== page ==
The bible says it is appointed to man once to die and then the judgment. People who believe in reincarnation believe something completely incompatible with the biblical worldview. Every human being has only one life, dies, and then will face God’s judgment with a resurrection to eternal life or a resurrection to eternal suffering. There is no do-over. No human being is reincarnated or has any past or future life ahead of them except for the eternal life in Christ or the eternal life apart from God following the judgment. There certainly are some people who have an affinity for the past. I certainly feel that way myself. I can easily see that in many ways I am more of a pre-modern person than a post-modern person. But I never lived before 1960. I am not reincarnated from any prior person. Neither is anyone else. This basic teaching of Christianity is important because it means we have to get things right the first time around. There is no second chance. So, we try as hard as we can to persuade people to respond to God and to accept his mercy and grace.

Monday, May 03, 2010

Basic Ideas 4: Where Plato was Wrong

If you’ve read my blog you’ll notice that I’m an admirer of many of the ideas of Plato provided that they are reinterpreted to match the Christian worldview. However, there were areas where Plato was seriously wrong. One of these areas has to do with Creation. As Nancy Pearcey discusses in greater detail in her book Total Truth Plato believed that spirit and matter had both preexisted eternally and that spirit was associated with goodness and order and matter was associated with evil, intractability, and insufficiency. This simply isn’t the case. And Plato’s view led to a variety of negative results, especially in the Middle Ages. The emphasis of some early Christians on asceticism and the rise of the monastic movement as an ascetic phenomena as well as the improper belief that full time preaching of the gospel, either as a missionary or a pastor, is somehow the only really holy occupation or vocation are all negative fallout that came the idea the spiritual is good and the material is bad. Pearcey describes Plato’s view led to a “two-story” view of reality in which spirituality was superior and material or worldly things were inferior.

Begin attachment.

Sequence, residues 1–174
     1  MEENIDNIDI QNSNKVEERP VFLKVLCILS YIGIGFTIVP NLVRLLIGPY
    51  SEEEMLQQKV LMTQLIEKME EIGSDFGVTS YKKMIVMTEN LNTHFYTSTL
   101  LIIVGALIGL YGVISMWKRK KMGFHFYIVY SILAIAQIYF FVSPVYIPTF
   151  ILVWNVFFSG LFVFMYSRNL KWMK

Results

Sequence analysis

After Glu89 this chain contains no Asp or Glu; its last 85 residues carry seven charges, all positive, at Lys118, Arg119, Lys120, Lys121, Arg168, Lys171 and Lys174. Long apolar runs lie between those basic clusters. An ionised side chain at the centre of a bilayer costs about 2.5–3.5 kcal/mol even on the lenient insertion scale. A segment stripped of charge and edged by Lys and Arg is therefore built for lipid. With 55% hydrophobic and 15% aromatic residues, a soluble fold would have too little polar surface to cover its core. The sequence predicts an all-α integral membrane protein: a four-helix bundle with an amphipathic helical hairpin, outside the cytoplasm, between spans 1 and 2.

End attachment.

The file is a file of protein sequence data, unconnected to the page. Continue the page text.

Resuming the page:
The biblical view of reality contrasts sharply with this idea. When God created the heavens and the earth He created them out of nothing. Matter is not eternal and did not exist before God created it. This ought to be obvious from a scientific point of view because what we know about matter now is that it simply isn’t the sort of thing that can be around for an eternity. If the universe had been around for an infinite period of time, it would already be cold and atoms would be equally spaced out in the emptiness of space. This is because universes run down. They become less organized and lose energy as time goes by. All matter behaves this way. Happily, God is not matter and God is the sort of thing that can exist eternally, indeed outside of time. God created time and the time space continuum as well as matter. Matter has been under His total and complete control from the very beginning. When God created the universe, He pronounced it to be good. Later, because of human sin, evil entered into the world and that evil brought about by human sin resulted in the world experiencing futility. When God created the world it was good, but after mankind sinned God cursed the world and it began to function in an imperfect way. Instead of merely bearing edible fruits and seeds, some plants began to bear poisonous thorns and to create toxic chemicals. Instead of animals living on the herbs of the field, some animals began to live by eating other animals. The entire way the world functions was affected as a result of mankind’s fall into sin. Naturally the greatest effect was on mankind himself. Human sin affects every part of our being. It does affect our material bodies, and it also affects our immaterial soul or spirit. Escaping from sin does not merely involve escaping from matter. It requires an escape from our immaterial personage as well or the transformation of that personage. As a result, we can’t escape from sin by merely avoiding certain things or having an ascetic lifestyle. Instead, the only escape from sin is through the transforming power of God made possible through the sacrifice of Jesus Christ. We’ll talk more about that later. For now, it’s enough to point out that Plato was incorrect in believing that the material world was inherently evil because of its materiality. By contrast, Aristotle was also in a sense in error in acting as though the material world was entirely good and that every impulse, act, or pattern within that world was always for the good and fully in accord with the design and purpose of each thing. Thomas Aquinas, though he does talk about sin, sometimes seems to over emphasize the goodness of the natural world when he discusses the function and design of mankind and the elements of the natural world. Plato went too far one way, Aristotle and Aquinas went too far in the other in not taking into account the effects of the fall.